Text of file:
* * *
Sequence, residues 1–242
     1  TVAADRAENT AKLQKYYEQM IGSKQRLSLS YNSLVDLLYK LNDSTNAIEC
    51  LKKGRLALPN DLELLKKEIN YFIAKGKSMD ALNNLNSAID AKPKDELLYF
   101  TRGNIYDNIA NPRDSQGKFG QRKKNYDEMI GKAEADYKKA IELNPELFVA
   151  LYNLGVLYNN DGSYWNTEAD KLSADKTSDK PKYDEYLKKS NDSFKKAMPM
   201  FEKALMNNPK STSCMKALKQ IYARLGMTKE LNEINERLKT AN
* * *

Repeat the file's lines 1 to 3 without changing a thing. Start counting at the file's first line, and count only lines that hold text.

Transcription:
Sequence, residues 1–242
     1  TVAADRAENT AKLQKYYEQM IGSKQRLSLS YNSLVDLLYK LNDSTNAIEC
    51  LKKGRLALPN DLELLKKEIN YFIAKGKSMD ALNNLNSAID AKPKDELLYF